Police are given very strict powers to implement the National Security Act for Hong Kong, under which they can conduct searches without warrant. The suspects can be prevented from leaving the city and all other methods including internet censoring can also be implemented. The Hong Kong government on Monday night released the details of article 43 in the city’s National Security Act detailing all the steps that a police force could use to enforce the law in the city.

According to the rules, the police will have the authority to search the evidence without warrant. Suspects violating the National Security Act will have to hand over their travel documents so that they do not leave Hong Kong. In addition, any property can be confiscated or attached on the basis of threat to national security. Forums and publishers, as well as Internet service providers, can also be ordered to remove printed or broadcast messages that are subject to national security threats.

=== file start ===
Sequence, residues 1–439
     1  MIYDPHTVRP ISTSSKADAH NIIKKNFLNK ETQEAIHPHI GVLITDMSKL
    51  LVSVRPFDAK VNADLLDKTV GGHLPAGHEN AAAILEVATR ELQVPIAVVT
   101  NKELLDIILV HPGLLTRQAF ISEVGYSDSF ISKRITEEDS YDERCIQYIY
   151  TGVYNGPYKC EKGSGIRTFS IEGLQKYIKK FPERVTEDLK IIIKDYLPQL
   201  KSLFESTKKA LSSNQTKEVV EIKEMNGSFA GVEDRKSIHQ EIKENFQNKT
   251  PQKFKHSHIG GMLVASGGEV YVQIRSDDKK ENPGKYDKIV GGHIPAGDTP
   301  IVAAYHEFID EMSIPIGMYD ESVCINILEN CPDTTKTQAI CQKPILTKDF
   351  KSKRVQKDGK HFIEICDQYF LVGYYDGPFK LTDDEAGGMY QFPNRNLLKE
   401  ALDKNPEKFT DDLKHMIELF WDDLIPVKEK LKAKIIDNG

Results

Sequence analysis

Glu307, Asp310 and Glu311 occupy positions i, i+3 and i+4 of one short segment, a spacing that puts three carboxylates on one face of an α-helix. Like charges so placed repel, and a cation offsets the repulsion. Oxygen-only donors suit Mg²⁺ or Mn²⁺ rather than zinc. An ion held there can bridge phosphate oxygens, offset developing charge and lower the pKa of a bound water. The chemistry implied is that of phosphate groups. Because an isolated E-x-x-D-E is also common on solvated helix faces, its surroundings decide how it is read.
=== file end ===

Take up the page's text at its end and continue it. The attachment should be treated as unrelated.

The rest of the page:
Police is also empowered to ban internet
Those who do not do so can face a fine of one million Hong Kong dollars ($ 12,903) plus 6 months in jail. Those who put up such posts can also be asked to remove the post or they can be imprisoned for one year with a similar fine. Under these rules, Hong-Kong CEO Carrie Lam can also authorize the police to intercept and monitor the Internet. In addition, a written notice may be issued to foreign political organizations or Taiwan political organizations or individual agents detailing their activities related to Hong Kong.

US companies flare
Before the implementation rules were released on Monday, Facebook, WhatsApp, Twitter and Telegram said they would not accept government agencies’ demand for user data. Said that she will first review the new law. Under this, she will consult with human rights experts. At the same time, US Secretary of State Mike Pompeo attacked China, saying that Hong Kong has progressed only because there was freedom of thought and expression. He said that the Communist Party of China has strangled democracy in Hong Kong.

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